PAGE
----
I know I waited while dinner cooled, my thighs against the fabric of the dining room chairs. I know he said he was having a truck repaired.
But beyond those small details? I couldn’t know then any more than I can know now.
Even when he was alive, he wasn’t talking.
I used to wonder how to know more. I used to believe that if only I could know, then … Then what? Then I would know what to do.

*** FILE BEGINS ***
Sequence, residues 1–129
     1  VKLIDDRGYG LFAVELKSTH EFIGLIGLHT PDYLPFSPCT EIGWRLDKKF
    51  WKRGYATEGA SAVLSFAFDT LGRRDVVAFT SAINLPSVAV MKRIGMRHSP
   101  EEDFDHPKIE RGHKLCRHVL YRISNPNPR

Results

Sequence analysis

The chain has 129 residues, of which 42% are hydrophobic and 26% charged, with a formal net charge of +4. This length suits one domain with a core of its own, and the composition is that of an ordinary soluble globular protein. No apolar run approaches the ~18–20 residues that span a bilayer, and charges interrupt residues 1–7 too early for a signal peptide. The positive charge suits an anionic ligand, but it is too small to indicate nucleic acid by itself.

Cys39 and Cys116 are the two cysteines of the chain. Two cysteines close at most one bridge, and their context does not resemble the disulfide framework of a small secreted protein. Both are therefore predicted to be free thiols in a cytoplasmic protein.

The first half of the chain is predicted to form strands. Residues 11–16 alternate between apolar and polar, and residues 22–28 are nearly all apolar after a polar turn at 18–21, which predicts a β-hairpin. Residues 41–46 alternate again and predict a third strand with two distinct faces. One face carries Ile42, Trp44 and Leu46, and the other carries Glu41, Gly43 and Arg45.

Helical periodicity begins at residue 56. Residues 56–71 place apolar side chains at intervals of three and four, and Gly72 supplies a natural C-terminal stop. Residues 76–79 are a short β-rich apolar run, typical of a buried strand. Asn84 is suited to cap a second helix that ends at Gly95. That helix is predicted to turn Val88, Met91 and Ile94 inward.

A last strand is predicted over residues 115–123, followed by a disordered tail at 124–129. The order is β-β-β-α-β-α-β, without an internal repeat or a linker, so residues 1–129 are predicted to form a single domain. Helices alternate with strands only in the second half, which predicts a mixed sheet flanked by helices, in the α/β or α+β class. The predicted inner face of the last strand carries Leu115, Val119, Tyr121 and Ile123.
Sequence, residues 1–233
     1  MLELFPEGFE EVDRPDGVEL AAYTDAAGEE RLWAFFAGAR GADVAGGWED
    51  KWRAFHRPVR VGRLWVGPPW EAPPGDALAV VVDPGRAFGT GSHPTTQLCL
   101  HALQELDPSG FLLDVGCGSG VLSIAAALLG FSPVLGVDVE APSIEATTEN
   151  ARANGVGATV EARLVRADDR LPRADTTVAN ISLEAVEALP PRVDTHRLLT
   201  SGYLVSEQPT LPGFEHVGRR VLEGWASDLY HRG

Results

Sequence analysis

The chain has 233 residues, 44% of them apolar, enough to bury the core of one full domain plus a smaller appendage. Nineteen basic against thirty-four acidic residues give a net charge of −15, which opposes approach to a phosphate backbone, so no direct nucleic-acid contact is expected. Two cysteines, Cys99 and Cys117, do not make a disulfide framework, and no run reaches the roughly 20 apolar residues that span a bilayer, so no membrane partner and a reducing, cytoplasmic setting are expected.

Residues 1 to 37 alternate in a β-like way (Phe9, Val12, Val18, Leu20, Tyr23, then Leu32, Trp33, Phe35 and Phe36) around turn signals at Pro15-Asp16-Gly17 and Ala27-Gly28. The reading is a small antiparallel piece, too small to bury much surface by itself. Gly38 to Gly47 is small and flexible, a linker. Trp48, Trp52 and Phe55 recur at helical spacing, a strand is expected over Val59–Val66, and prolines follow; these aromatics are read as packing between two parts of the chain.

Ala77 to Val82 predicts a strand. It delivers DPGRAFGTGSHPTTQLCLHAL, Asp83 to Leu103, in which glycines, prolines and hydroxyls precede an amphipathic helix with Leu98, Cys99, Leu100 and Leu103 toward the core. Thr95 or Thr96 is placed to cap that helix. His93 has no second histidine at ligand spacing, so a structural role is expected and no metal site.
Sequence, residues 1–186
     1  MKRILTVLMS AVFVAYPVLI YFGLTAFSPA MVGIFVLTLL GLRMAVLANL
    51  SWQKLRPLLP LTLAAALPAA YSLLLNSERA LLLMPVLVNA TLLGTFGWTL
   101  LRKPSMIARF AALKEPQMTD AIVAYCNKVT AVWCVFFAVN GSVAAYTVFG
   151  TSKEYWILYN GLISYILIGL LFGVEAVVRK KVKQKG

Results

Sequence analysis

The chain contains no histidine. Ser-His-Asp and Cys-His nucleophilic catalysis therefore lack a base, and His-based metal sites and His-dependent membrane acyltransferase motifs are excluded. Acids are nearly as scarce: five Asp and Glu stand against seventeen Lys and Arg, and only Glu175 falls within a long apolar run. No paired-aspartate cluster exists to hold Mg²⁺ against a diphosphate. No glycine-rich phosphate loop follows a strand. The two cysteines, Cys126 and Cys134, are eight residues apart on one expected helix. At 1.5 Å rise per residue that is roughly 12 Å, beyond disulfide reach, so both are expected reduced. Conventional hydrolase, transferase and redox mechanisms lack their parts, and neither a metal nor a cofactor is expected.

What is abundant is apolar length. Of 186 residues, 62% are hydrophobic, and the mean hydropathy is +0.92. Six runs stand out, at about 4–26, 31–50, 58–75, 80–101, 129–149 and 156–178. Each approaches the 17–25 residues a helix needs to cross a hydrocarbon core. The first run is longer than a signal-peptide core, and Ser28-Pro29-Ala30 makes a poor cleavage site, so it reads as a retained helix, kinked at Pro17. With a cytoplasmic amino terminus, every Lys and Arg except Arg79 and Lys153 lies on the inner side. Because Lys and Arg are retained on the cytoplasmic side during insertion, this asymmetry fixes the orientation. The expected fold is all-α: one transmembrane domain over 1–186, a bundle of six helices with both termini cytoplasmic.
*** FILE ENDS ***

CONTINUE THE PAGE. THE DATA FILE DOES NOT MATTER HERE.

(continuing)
My desire to know was a diversion, a distraction, leading only to delay and denial.
As things turned out, I knew what to do. I knew based on a source deeper than any empirical evidence I could ever gather.
“Trust your knowing, Angela,” a teacher used to tell me. “Trust your knowing.”
I did. I do.